The Crowd, The Critic, and The Muse, by Michael Gungor – The ideas for this book started with a blog Gungor wrote entitled “Zombies, Wine, and Christian Music” (I’m sure I’m not the only one dissapointed his book bared not the same title, but ah well…). Gungor, a musician whose work is faith influenced, discusses how a creator must balance all the noise coming in from the voices of critics, fans, and one’s own internal voice. He cautions against creating only to please one or the other, especially giving fans and critics precedent in what we put out into the world over our own creative soul. Given that he is a faith inspired artist, he works in a genre filled with restrictions, expectations, and plenty of red tape that usually dominated by sappy pop music for middle aged suburban folks (He does not himself enjoy making sappy pop music, for the record). Because of this struggle, his personal stories give wise counsel for navigating the treacherous terrain of making a living in a creative field while still creating work you are passionate about, and also holds all creatives in this day and age to a higher standard of being not just well liked but world changing .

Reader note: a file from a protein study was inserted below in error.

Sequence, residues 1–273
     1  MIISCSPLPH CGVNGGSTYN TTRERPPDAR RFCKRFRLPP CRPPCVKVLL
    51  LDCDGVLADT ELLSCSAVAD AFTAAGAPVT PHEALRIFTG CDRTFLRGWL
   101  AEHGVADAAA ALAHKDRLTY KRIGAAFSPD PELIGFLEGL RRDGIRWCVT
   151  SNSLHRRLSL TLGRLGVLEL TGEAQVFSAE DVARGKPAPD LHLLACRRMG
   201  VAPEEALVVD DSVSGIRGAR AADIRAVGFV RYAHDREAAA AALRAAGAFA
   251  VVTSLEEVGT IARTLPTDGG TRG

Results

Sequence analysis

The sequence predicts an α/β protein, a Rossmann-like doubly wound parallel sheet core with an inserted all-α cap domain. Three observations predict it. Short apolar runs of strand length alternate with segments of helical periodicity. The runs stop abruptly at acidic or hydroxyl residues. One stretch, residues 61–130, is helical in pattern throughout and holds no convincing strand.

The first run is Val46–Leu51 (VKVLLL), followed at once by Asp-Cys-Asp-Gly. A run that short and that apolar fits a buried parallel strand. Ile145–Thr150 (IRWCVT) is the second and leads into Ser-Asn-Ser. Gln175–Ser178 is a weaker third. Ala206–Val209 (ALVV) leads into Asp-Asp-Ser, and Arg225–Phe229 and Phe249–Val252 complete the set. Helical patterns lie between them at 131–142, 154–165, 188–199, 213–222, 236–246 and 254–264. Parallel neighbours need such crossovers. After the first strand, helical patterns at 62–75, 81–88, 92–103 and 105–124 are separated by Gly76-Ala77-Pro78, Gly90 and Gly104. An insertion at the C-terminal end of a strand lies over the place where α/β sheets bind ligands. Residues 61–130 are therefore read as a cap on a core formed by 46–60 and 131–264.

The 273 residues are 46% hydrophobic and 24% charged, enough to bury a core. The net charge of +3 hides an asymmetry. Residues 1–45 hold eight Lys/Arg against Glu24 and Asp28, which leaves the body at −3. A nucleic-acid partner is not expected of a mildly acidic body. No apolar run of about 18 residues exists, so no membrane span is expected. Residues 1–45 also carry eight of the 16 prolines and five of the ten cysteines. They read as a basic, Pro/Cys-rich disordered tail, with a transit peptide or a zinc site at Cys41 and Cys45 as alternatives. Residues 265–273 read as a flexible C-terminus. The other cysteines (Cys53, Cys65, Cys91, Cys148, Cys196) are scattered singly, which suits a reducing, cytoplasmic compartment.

The Art of Asking, by Amanda Palmer – Love or hate this musician (and people tend to either feel one way or the other), this book holds fantastic insight about getting your craft out into the world from the bottom up. The stories within are told like a personal conversation with your best friend, but with lessons that can apply to anyone. There is no blatant advice or “Hey, you need to do this” included in these pages, just “Hello, this is my story, take from it what you will”. This book especially meant a lot to me, because I am one of those people who, like her, wants to do everything myself – especially with art. I have time and time again experienced her fear of the imaginary “fraud police” (That anxiety bubbling up form the fear that you only think you are a competent artist/musician/actress/teacher/chemist/whatever and will soon be discovered for the talentless charlatan you truly are). I also have at times experienced guilt over my chosen path, especially when it is not going as successfully as I’d hoped (What right do I have to try and pursue a field I actually enjoy, when so many others trudge off to jobs they hate day in and day out? Why do I think I deserve to be so happy? How dare I have the audacity to attempt to live out my dreams?) Seriously, life changing stuff here. This book even inspired my starting of this blog :).

So, what kind of world do you want to create? Be honest, we all think about it – what changes, either physically or in mentality, would make the world suck a little less? And of course, have any of you read any awesome books that inspired you creatively? I’m always looking for book suggestions – as I mentioned before, total bibliophile. Chatting is fun, don’t be shy!